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Meth is considered to be neurotoxic by forming reactive oxygen species and oxidizing the neurons. But unlike dopamine, which, by the way, is neurotoxic due to ROS induced dopaminergic stress, meth does not have any oxygen atom, and thus cannot be the direct cause of ROS.

So, how exactly does meth exert its neurotoxic effects?

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    $\begingroup$ There are many possibilities, asking "how exactly" in biology is usually not possible to answer. It also isn't strictly true that the neurotoxicity of methamphetamine is via ROS. One possible mechanism is through methamphetamine's direct effects on dopamine, which is then metabolized including to ROS, another is through glutamate-based excitotoxicity, and there are other possible contributing mechanisms via effects on mitochondrial function. $\endgroup$ – Bryan Krause Apr 4 '17 at 23:01
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Nice question! I will directly begin with the process through which methamphetamine causes damage to neurons, putting in as much details as are known, and adding appropriate citations wherever required.

Methamphetamine (METH) is known to act by increasing concentration of dopamine in brain1. When excess of dopamine is produced, it causes oxidative damage to axon terminals2. This is because direct oxidation of dopamine leading to quinone formation3, iron-catalyzed dopamine metabolism via Fenton reaction4, and metabolism of dopamine by monoamine oxidase-A5 contribute to production of superoxide and hydrogen peroxide.

Methamphetamine is known to increase concentration of glutamate. This (supposedly) happens as: high concentration of methamphetamine D1-mediated striatonigral GABAergic transmission, which in turn activates GABA-A receptors in substantia nigra pars reticulata (SNr), leading to increase in GABAergic nigro-thalamic activity which increases corticostriatal glutamate release6 (since I can't explain all those terms in a single answer). Now, excessive glutamate activates the glutamate-activated NMDA and AMPA receptors which, in turn, increases activity of nitric oxide synthase7. Activation of nitric oxide synthase generates reactive nitrogen species which create an oxidative stress8.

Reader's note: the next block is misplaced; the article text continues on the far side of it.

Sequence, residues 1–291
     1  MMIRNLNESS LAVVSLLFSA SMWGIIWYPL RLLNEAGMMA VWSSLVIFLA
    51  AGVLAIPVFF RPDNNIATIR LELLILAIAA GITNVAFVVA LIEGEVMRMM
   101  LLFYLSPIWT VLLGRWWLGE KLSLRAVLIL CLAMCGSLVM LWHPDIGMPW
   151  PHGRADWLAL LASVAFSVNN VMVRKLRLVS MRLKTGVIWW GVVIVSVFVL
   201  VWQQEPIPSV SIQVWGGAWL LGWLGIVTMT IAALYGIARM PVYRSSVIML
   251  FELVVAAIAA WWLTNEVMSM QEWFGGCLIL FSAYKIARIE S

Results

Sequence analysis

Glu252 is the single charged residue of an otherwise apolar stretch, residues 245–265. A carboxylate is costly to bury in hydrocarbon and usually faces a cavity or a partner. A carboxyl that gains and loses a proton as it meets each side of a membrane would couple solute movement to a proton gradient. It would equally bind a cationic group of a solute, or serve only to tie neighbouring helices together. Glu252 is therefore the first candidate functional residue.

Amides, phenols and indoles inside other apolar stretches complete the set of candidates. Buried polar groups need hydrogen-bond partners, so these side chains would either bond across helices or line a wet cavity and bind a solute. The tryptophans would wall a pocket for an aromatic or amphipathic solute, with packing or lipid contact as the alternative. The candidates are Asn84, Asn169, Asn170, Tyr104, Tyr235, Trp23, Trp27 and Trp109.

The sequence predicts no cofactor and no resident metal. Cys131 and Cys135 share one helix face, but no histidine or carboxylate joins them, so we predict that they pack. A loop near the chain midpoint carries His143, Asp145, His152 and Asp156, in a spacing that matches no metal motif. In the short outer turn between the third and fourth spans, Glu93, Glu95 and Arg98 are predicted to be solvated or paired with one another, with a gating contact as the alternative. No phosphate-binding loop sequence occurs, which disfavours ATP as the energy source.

Oxidative stress is further increased because of depletion of antioxidant enzymes due to methamphetamine itself9. Now, the oxidative stress has to be manifested somehow. This is done by lipid peroxidation and protein carbonyl formation10, and also by specific nitration and nitrosylation of proteins important for monoamine synthesis and release, including VMAT-2 and tyrosine & tryptophan hydroxylase7,11,12. Oxidative modification of these proteins restricts their activity and contributes to their degradation, thus playing a major role in neurotoxicity. Researches substantiate the significant contribution of oxidative stress to the neurotoxicity of substituted amphetamines antioxidant treatments have also been shown to be neuroprotective against the damage produced by methamphetamine or methylenedioxymethamphetamine13,14,15.

P.S.: oxidative damage is not the only way through which methamphetamine causes neurotoxicity. Other possible ways include altered metabolism16, damage to mitochondria17, peripheral organ damage18 due to oxidative modification of hepatocellular mitochondrial proteins19, activation of microglia in striatum, cortex and hippocampus20, etc. Also, cannabinoids are known to suppress inflammatory processes and damage during methamphetamine exposure21. But since this is out-of-scope for this question, I won't go into their details.

References:

1. Cadet JL, Brannock C, Jayanthi S, Krasnova IN (2015). "Transcriptional and epigenetic substrates of methamphetamine addiction and withdrawal: evidence from a long-access self-administration model in the rat". Mol. Neurobiol. 51 (2): 696–717. doi:10.1007/s12035-014-8776-8. PMC 4359351Freely accessible. PMID 24939695.

2. Schmidt CJ, Ritter JK, Sonsalla PK, Hanson GR, Gibb JW. Role of dopamine in the neurotoxic effects of methamphetamine. The Journal of pharmacology and experimental therapeutics. 1985;233:539–544

3. Graham DG. Oxidative pathways for catecholamines in the genesis of neuromelanin and cytotoxic quinones. Molecular pharmacology. 1978;14:633–643

4. Yamamoto BK, Zhu W. The effects of methamphetamine on the production of free radicals and oxidative stress. J Pharmacol Exp Ther. 1998;287:107–114